The views of Johann Friedrich Blumenbach on the categorization of the major races of mankind developed over the course of the 1770s to 1820s. He introduced a four-fold division in 1775, extended to five in 1779, later borne out in his work on craniology (Decas craniorum, published during 1790–1828). He also used color as the name or main label of the races but as part of the description of their physiology. Blumenbach does not name his five groups in 1779 but gives their geographic distribution. The color adjectives used in 1779 are weiss "white" (Caucasian race), gelbbraun "yellow-brown" (Mongolian race), schwarz "black" (Aethiopian race), kupferroth "copper-red" (American race) and schwarzbraun "black-brown" (Malayan race).[6] According to D'Souza (1995), it was "Blumenbach's classification" which had a lasting influence, being memorable because it "neatly broke down into familiar tones and colors".[7] However, according to Barkhaus (2006)[8] it was the adoption of both the colour terminology and the French term race by Immanuel Kant in 1775 which proved influential. Kant published an essay Von den verschiedenen Racen der Menschen "On the diverse races of mankind" in 1775, based on the system proposed by Buffon, Histoire Naturelle, in which he recognized four groups, a "white" European race (Race der Weißen), a "black" Negroid race (Negerrace), a copper-red Kalmyk race (kalmuckishe Race) and an olive-yellow Indian race (Hinduische Race).[9]

Blumenbach's division and choice of color-adjectives remained influential, with variation depending on author, throughout the 19th and well into the 20th century. René Lesson in 1847 presented a division into six groups based on simple color adjectives: White (Caucasian), Dusky (Indian), Orange-colored (Malay), Yellow (Mongoloid), Red (Carib and American), Black (Negroid).[10]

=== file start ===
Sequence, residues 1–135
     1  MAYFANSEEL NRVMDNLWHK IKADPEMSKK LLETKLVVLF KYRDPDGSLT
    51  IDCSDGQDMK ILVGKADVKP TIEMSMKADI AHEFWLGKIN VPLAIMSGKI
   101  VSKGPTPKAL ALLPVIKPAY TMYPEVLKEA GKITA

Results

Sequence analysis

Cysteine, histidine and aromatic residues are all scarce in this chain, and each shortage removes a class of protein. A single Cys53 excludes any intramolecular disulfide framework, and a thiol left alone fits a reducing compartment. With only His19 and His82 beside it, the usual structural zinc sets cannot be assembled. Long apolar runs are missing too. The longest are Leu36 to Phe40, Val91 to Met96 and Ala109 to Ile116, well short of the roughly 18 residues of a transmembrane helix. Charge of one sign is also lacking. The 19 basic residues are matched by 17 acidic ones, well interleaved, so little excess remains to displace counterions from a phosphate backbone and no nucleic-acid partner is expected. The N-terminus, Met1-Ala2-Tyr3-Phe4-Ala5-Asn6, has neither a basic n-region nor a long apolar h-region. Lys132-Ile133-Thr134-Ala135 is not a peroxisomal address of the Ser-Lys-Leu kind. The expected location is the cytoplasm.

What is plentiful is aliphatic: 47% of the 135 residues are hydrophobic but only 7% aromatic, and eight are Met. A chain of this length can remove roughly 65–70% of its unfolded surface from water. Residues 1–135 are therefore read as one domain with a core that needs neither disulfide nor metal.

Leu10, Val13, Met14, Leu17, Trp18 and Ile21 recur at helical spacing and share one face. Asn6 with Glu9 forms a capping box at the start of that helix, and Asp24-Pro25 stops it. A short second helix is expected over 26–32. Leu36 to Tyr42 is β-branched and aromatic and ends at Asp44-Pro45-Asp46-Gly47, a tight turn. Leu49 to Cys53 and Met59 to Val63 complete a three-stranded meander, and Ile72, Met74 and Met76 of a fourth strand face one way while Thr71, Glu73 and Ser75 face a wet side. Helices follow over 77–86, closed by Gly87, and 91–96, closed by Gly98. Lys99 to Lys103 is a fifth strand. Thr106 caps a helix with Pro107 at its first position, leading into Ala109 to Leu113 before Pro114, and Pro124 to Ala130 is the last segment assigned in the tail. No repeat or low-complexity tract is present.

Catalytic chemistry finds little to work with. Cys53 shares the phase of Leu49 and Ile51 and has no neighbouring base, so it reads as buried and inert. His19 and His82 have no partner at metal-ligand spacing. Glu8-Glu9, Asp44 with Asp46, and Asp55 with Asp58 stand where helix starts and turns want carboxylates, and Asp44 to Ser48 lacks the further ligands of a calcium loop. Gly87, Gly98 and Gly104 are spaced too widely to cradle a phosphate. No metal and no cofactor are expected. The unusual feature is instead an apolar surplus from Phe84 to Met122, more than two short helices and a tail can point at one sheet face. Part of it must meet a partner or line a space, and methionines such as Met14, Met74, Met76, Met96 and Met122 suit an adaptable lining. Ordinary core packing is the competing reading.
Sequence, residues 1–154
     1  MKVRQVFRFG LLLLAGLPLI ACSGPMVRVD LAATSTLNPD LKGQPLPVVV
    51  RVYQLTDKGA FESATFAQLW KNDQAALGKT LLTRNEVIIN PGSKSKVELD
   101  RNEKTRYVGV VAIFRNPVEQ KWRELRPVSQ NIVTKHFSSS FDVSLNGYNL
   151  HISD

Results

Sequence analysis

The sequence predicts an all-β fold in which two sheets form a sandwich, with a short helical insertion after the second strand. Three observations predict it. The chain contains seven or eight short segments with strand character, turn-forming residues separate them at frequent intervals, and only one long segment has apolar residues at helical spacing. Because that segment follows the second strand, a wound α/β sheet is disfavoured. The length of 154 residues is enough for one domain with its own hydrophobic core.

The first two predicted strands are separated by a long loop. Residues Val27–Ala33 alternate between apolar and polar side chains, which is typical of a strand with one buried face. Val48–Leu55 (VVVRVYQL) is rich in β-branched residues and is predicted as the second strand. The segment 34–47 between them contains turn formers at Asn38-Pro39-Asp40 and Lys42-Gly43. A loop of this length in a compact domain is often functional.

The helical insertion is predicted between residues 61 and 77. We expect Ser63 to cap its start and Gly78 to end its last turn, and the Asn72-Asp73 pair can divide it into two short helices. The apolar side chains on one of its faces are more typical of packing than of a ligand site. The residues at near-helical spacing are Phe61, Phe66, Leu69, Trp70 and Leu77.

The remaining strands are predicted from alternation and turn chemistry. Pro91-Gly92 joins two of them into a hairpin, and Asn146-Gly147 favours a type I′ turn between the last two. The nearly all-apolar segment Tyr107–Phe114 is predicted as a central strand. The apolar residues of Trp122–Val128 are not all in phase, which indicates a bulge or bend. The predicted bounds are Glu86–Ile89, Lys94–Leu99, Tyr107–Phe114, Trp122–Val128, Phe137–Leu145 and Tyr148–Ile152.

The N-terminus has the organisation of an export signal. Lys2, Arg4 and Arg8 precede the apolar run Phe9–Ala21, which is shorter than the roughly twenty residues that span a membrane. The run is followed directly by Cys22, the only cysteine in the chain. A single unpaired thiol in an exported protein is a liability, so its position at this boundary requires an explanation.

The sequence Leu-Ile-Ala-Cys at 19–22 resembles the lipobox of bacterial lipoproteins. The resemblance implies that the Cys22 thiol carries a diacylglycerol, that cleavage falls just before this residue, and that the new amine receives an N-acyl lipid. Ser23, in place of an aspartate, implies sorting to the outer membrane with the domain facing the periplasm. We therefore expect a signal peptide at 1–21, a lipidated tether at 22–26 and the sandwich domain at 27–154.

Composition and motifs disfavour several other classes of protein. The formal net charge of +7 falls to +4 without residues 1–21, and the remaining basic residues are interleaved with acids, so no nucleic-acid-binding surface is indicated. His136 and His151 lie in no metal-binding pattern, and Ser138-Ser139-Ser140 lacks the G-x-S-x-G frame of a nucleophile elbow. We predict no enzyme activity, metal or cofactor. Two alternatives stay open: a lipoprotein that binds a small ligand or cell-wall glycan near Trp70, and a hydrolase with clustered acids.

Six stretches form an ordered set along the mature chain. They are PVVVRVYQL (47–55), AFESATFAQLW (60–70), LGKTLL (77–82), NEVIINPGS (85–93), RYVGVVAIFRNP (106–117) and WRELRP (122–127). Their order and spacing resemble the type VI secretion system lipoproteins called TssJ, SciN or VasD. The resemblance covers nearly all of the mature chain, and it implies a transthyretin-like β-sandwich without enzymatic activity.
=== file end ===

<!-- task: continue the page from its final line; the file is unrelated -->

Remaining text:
Two historical anthropologists favored a binary racial classification system that divided people into a light skin and dark skin categories. 18th-century anthropologist Christoph Meiners, who first defined the Caucasian race, posited a "binary racial scheme" of two races with the Caucasian whose racial purity was exemplified by the "venerated... ancient Germans", although he considered some Europeans as impure "dirty whites"; and "Mongolians", who consisted of everyone else.[11] Meiners did not include the Jews as Caucasians and ascribed them a "permanently degenerate nature".[12] Hannah Franzieka identified 19th-century writers who believed in the "Caucasian hypothesis" and noted that "Jean-Julien Virey and Louis Antoine Desmoulines were well-known supports of the idea that Europeans came from Mount Caucasus."[13] In his political history of racial identity, Bruce Baum wrote,"Jean-Joseph Virey (1774-1847), a follower of Chistoph Meiners, claimed that "the human races... may divided... into those who are fair and white and those who are dark or black."[14]

Stoddard's map of the distribution of the five primary races of the world (1920).
Stoddard's map of the distribution of the five primary races of the world (1920).

Lothrop Stoddard in The Rising Tide of Color Against White World-Supremacy (1920) considered five races, White, Black, Yellow, Brown and Amerindian. In this explicitly "white supremacist" exposition of racial categorization, the "white" category is much more limited than in Blumenbach's scheme, essentially restricted to Europeans, while the separate "brown" category is introduced for non-European Caucasoid subgroups in North Africa, Western, Central and South Asia.